You're saying that subjectively it exists for him, subjectively it doesn't exist for you. So objectively, do you think there's a God? No.
So if President Bush acted in certain ways because of his belief in something that doesn't exist, doesn't that sound like making policy decisions based on belief in the Easter bunny? No, because when you say you're a Christian, there's a value system implied. You may not live up to it, but the attempt is there, and I can look at it and understand your worldview. There is none of that in atheism.
When you say that you might be a sinner, is that subjective or objective? My values are probably very close to yours. They're Judeo-Christian values. We all agree that murder's not great. . . . But don't we define murder in different ways, depending on our values? We do. But I think we agree at the end of the day that murdering people for no reason, not in self-defense but in cold blood, is bad.
What about very tiny people? Doesn't it depend on our definition of people? Yes.
So how universal are your values? Well, we all have caveats-cultural, logistical, legal-but I think that people generally have the same impulses.
Moving on-I was struck by your answer to a question about death. You said that death was a peaceful thing to you, that the idea of nothingness was a very peaceful idea. That's unusual. I don't think anything happens. I'm not worried about judgment. Frankly, life is really hard. The idea that it will end at some point, that this trial will end, is reassuring. The only thing that scared me was I wanted to be published before I die. Once my book got published, huge sigh of relief.
It was important to you because . . . I wanted to leave a legacy, and that was the kind I wanted to leave. For some people it might be having children, or having money, or making contributions to causes. For me, I wanted to at 25 feel like I'd left something in print that captured my beliefs at the moment. That mattered to me a lot. More than anything else.
Tim Keller wrote a book called Counterfeit Gods. Can you make an idol out of publishing books? Oh it was, it was a golden calf. Absolutely. I feel like a good person to a large degree. I feel like I'm good to my family, like I'm charitable, like I give back to my friends. That was the one area I felt like I hadn't done what I wanted to do, and I was afraid to die before I had the chance to do it. So having that put aside, knowing I had a book out there, was a relief, and I could focus on other things that are important to me.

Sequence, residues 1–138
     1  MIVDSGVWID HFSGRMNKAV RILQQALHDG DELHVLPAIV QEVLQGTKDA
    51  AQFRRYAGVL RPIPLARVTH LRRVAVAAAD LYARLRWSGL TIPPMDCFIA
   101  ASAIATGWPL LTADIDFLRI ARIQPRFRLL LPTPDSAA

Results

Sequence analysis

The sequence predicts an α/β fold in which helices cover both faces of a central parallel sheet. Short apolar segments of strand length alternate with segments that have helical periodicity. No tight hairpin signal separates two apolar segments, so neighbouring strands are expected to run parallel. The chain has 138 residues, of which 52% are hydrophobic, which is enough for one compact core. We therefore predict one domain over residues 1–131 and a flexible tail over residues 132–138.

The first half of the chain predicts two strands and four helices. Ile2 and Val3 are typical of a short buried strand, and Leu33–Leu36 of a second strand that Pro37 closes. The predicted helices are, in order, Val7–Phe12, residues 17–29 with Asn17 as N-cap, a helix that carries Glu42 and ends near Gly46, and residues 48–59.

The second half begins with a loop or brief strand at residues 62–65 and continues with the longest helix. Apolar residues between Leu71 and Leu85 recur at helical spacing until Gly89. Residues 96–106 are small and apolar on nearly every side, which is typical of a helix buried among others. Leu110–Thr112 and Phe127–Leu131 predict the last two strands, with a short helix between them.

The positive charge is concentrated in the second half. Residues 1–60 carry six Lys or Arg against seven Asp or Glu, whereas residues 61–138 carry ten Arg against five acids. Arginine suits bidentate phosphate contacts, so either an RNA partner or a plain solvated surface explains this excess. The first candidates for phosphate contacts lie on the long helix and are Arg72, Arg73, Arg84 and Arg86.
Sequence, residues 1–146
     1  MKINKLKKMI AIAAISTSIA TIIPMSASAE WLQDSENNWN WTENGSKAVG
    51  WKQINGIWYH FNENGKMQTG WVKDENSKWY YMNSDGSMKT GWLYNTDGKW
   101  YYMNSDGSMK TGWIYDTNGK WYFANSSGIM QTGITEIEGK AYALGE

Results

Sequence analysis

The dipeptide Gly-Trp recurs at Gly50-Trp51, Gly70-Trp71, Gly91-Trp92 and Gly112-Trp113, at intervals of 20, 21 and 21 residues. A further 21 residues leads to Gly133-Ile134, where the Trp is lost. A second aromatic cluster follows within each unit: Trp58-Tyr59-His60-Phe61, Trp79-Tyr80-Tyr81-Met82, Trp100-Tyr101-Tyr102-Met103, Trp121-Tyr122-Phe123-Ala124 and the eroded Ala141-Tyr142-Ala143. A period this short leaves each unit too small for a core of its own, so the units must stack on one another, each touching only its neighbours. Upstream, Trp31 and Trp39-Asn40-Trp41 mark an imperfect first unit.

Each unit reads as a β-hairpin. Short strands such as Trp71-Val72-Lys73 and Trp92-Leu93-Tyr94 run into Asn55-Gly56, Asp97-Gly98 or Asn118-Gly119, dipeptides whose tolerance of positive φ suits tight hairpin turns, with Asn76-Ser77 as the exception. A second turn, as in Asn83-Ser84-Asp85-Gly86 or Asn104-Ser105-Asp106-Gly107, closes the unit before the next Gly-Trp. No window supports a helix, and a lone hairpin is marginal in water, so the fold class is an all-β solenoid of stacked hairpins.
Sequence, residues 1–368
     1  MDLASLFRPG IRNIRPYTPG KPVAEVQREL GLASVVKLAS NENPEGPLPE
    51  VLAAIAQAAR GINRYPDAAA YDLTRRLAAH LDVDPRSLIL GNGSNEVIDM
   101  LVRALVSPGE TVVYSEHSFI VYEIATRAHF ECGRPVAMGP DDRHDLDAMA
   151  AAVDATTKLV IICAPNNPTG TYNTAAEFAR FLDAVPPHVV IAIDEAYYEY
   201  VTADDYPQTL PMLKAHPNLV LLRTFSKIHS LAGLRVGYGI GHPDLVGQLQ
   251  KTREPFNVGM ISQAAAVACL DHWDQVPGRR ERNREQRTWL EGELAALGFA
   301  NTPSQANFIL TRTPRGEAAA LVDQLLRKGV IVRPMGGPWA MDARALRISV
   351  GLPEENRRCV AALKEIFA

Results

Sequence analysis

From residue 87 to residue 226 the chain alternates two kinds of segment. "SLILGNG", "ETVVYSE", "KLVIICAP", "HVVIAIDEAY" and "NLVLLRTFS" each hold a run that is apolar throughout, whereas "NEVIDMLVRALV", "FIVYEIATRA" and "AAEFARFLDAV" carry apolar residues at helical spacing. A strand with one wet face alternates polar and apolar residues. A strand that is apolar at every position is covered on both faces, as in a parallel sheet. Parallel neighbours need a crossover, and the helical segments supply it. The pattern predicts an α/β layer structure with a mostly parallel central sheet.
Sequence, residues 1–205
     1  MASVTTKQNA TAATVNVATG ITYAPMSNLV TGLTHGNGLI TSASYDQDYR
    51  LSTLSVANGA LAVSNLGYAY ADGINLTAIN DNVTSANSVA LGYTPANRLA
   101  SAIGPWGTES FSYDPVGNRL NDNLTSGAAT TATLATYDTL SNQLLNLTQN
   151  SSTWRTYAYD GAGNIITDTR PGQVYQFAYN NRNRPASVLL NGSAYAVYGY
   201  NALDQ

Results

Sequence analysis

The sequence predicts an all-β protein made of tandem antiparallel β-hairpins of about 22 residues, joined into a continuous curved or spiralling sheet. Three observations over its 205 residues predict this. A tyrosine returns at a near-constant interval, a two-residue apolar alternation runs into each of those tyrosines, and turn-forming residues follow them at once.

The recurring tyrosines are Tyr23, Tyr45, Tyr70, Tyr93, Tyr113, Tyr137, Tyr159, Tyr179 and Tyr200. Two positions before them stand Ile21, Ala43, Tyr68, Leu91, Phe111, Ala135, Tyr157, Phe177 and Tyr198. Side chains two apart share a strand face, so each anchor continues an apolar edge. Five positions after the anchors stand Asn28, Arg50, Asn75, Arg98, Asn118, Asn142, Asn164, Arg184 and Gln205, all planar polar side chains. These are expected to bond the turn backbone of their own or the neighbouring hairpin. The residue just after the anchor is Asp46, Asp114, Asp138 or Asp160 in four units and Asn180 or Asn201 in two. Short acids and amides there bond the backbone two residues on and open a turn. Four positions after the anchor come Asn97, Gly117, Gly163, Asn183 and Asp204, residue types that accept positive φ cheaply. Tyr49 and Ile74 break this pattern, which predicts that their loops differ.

If there were a God, would He love you more because you'd published a book? Oh I hope not. This was for me. It was a reward for 10 years of school and hard work and sacrifice and not doing some of the things that my peers did, and a private acknowledgment of hard work and discipline. It meant something to me. I was proud of myself.
You'd really like to believe in God? Oh yeah.
What kind of God would you like to believe in? A benevolent God but a challenging one. Someone who challenges you to a fight but is rooting for you to win. That's who I'd like to imagine God is, someone who wants you to be your best and is going to push you to be your best, but is unconditionally going to be there for you when you fail. That sounds great. That sounds amazing. I'd love that.
What comes to mind when you think about Jesus? I've seen some really great movies about Jesus. I collect religious kitschy objects, so I have a lot of Jesus dolls around the house. When I think about Jesus, I think about one of my dolls. It's terrible.
Listen to Marvin Olasky's complete interview with S.E. Cupp.